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Office of Special Investigations exhibit opens at National Museum of the U.S. Air Force

4/20/05 - DAYTON, Ohio -- A new exhibit featuring the Air Force Office of Special Investigations opens at the National Museum of the United States Air Force. (U.S. Air Force photo by Jeff Fisher)

4/20/05 - DAYTON, Ohio -- A new exhibit featuring the Air Force Office of Special Investigations opens at the National Museum of the United States Air Force. (U.S. Air Force photo by Jeff Fisher)

DAYTON, Ohio -- An exhibit highlighting the U.S. Air Force's criminal investigative service is open to the public at the National Museum of the United States Air Force.

"Eyes of the Eagle: The Air Force Office of Special Investigations" exhibit joins the museum's permanent displays in the Cold War Gallery.

The exhibit officially opened April 20 when Air Force Materiel Command Commander Gen. Gregory Martin, OSI Commander Brig. Gen. Eric Patterson, Museum Director Maj. Gen. (Ret.) Charles Metcalf, current and former OSI agents, and other special guests participated in a ceremony to unveil the display.

Founded in 1948, the OSI has played an important role in protecting the Air Force and the nation as it confronts a variety of issues, from murder, burglary and theft to electronic assaults on defense computer systems. OSI employs a wide range of highly trained specialists, including forensic scientists, computer experts, behavioral specialists and other analysts to combat these threats.

"OSI has a proud heritage of accomplishment that spans the globe, encompassing generations and entire eras," said General Patterson. "One of the most significant of those eras, in terms of time and what was at stake, is the Cold War. OSI was on the front lines of this prolonged engagement, and this exhibit does a good job of capturing the essence of that experience and the contribution made to national security."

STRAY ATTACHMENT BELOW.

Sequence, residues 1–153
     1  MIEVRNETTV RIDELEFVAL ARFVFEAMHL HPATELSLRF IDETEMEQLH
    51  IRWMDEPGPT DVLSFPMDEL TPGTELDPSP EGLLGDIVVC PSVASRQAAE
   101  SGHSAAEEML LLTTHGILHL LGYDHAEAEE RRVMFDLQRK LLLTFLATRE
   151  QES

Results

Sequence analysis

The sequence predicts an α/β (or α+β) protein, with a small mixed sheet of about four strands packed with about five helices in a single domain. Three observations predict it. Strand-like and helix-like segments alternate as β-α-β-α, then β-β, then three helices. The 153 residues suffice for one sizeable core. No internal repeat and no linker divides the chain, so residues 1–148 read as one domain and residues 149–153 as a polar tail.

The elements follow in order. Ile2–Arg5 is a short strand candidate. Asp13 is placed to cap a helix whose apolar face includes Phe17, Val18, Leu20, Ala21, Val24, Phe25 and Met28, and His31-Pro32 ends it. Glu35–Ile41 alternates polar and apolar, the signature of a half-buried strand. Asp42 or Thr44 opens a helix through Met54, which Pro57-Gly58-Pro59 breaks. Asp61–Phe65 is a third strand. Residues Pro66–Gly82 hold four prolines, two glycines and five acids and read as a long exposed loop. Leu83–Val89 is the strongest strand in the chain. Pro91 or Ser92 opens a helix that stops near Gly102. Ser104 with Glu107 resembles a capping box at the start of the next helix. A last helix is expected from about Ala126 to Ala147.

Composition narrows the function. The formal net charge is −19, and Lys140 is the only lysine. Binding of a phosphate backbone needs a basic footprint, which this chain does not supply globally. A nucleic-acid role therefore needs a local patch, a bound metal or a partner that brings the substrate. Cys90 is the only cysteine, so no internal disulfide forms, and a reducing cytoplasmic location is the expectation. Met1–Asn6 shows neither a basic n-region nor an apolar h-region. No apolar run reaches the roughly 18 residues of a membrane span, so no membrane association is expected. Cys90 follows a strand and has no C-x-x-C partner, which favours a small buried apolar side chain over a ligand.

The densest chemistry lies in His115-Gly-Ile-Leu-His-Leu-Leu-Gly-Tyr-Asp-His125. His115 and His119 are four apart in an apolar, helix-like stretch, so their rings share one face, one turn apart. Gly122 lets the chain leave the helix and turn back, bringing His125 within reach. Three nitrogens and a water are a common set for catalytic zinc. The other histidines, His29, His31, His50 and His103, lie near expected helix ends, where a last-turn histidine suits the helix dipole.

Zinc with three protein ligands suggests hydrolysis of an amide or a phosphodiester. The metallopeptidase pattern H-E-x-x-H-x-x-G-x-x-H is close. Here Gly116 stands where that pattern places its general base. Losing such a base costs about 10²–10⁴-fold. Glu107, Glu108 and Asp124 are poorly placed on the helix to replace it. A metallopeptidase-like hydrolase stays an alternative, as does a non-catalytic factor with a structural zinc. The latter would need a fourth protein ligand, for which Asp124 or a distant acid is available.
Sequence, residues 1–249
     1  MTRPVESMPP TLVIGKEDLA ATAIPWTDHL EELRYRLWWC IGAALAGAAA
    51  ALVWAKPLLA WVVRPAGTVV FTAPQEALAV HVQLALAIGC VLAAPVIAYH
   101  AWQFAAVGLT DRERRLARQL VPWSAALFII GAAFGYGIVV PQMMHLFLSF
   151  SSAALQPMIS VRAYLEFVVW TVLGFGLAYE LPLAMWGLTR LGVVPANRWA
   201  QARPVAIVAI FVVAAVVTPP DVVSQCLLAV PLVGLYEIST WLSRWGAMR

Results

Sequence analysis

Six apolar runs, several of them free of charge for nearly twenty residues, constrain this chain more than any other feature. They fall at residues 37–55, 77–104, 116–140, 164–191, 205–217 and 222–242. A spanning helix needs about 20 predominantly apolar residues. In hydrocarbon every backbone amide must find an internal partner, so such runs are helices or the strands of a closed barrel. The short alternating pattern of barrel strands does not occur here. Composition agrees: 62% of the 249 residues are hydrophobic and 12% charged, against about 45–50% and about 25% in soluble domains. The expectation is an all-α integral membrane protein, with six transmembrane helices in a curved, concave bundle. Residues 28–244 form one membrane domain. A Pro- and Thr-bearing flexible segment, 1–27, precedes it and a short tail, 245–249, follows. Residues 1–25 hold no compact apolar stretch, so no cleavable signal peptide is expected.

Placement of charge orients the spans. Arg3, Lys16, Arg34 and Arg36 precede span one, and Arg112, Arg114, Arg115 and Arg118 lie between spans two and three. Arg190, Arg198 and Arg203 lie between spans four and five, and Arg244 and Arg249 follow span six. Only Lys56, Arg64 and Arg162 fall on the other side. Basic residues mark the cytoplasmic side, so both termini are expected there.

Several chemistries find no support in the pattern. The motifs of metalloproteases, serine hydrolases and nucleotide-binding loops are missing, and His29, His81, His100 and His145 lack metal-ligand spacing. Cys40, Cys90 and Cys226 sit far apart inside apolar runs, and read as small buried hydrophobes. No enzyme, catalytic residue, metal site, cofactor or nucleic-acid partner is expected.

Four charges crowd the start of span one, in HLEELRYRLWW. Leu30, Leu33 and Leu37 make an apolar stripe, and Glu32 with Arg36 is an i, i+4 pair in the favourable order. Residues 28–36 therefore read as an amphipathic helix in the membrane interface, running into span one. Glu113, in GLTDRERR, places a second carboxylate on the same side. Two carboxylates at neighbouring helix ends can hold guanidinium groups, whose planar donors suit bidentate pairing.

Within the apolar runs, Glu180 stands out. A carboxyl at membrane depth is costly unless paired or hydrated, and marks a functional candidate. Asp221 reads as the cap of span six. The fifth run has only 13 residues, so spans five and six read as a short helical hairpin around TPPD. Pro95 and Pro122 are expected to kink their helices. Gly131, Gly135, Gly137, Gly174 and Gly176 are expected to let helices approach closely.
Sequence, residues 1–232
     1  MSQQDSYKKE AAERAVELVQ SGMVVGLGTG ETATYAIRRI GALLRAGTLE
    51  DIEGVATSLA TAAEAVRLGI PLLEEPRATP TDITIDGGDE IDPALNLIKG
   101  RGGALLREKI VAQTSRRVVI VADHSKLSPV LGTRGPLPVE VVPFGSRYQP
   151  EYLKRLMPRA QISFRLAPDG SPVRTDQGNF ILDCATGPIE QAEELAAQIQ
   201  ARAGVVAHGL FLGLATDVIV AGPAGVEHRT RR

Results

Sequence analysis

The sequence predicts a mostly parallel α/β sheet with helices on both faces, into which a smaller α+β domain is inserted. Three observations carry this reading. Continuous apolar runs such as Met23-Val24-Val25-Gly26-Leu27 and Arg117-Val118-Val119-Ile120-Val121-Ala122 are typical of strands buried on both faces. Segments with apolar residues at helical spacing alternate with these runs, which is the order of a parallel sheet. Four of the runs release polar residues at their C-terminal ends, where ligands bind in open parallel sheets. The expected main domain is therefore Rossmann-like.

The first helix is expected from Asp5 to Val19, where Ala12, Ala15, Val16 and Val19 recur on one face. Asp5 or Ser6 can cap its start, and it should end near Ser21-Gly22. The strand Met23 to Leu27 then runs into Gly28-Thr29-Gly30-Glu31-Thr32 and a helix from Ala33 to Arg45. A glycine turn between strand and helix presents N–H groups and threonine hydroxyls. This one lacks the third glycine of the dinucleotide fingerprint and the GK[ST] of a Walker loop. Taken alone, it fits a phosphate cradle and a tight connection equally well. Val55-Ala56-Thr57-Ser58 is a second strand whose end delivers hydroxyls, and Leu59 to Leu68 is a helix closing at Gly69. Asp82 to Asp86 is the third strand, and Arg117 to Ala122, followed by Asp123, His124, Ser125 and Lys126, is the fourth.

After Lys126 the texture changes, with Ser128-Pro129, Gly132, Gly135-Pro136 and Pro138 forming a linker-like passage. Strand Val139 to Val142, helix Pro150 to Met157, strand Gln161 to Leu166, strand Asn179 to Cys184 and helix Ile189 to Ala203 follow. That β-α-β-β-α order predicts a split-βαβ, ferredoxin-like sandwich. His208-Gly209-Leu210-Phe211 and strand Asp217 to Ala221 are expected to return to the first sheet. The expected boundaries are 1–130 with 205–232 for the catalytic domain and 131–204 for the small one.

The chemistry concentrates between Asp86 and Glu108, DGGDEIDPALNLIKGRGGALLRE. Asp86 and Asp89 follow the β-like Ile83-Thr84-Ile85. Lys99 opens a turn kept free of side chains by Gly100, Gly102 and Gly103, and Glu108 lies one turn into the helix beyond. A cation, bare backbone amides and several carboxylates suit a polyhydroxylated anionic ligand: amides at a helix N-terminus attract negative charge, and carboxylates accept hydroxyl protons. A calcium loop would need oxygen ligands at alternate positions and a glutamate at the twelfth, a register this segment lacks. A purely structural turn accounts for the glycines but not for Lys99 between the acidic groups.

The exhibit highlights notable OSI tasks, especially those during the Cold War era, which included counterintelligence, responding to espionage and investigating terrorist attacks. Several items used by the OSI are featured in the display, including a disguise kit, surveillance cameras, electronic listening devices, and a wristwatch that was modified to act as a radio transmitter.

Admission to the museum and the exhibit is free.

The National Museum of the United States Air Force is located on Springfield Pike, six miles northeast of downtown Dayton. It is open 9 a.m. to 5 p.m. seven days a week (closed Thanksgiving, Christmas and New Year's Day).


NOTE TO MEDIA: For more information, contact the National Museum of the United States Air Force Public Affairs Division at (937) 255-4704, ext. 333.

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